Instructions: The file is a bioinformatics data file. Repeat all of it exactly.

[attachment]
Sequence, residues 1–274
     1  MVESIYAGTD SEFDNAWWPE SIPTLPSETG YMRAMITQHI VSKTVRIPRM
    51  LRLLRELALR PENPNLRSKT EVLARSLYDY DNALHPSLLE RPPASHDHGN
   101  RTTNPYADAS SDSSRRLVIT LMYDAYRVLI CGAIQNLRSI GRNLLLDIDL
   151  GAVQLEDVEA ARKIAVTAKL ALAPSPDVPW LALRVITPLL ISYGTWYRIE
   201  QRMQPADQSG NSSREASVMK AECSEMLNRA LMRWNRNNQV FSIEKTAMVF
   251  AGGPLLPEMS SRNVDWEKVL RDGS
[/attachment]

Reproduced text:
Sequence, residues 1–274
     1  MVESIYAGTD SEFDNAWWPE SIPTLPSETG YMRAMITQHI VSKTVRIPRM
    51  LRLLRELALR PENPNLRSKT EVLARSLYDY DNALHPSLLE RPPASHDHGN
   101  RTTNPYADAS SDSSRRLVIT LMYDAYRVLI CGAIQNLRSI GRNLLLDIDL
   151  GAVQLEDVEA ARKIAVTAKL ALAPSPDVPW LALRVITPLL ISYGTWYRIE
   201  QRMQPADQSG NSSREASVMK AECSEMLNRA LMRWNRNNQV FSIEKTAMVF
   251  AGGPLLPEMS SRNVDWEKVL RDGS